His commanding debate performance gives him an opening, but Romney still has little room for error.
DENVER -- Republican nominee Mitt Romney hit his stride Wednesday night. Where President Obama was flat, Romney was energetic. He was also prepared, aggressive and at times, persuasive.
But the real challenge starts now.
Time and time again over the course of this campaign, Romney has surged only to step on his own momentum. And with 33 days before Election Day and early voting well underway, Romney has got to massage a solid debate performance into a winning streak.
"There's zero room for error because he's already behind," said Patrick Murphy, a Colorado-based Republican strategist. "It could be end of the Barack Obama momentum or the beginning of Romney momentum."
- 5 Reasons It's Too Soon to Write Off Obama
- Medicare: Obama's Only Debate Bright Spot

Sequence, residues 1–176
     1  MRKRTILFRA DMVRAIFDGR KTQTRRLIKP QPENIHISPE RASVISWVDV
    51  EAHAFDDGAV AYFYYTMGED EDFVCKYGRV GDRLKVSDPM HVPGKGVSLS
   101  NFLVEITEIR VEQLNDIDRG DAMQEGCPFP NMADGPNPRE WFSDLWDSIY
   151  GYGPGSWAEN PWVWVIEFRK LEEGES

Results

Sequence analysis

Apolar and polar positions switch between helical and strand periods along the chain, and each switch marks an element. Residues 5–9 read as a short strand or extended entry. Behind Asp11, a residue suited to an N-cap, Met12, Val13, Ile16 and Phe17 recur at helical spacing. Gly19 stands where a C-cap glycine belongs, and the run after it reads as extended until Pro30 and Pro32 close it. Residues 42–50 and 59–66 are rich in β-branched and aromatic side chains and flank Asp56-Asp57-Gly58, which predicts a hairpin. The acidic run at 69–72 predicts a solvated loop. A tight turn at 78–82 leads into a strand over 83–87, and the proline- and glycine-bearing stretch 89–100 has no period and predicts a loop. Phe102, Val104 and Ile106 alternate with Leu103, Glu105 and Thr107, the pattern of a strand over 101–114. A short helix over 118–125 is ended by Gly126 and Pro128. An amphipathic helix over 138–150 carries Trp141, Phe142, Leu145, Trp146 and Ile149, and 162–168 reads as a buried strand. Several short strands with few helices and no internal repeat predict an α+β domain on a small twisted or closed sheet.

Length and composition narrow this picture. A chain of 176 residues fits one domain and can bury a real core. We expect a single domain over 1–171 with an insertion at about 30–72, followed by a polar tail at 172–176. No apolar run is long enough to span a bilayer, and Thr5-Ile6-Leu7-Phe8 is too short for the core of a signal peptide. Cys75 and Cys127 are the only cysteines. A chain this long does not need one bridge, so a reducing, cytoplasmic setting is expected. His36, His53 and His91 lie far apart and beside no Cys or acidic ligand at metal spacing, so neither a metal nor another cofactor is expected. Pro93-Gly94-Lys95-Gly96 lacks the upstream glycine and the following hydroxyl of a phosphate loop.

- Why Diversity Is Lagging in Hill Offices
It could be. But Romney has got to seize his most pointed attacks from the debate -- interrupting the president to remind him "but you've been president for four years!" -- and hit that message hard, again and again. Romney should keep up the poignant references to ordinary, struggling people -- the jobless Dayton woman who "grabbed his arm," the Denver mother who lost her home, the overtaxed small electronics business owner in St. Louis -- as way to diffuse the widely held perception that he's out of touch with ordinary people.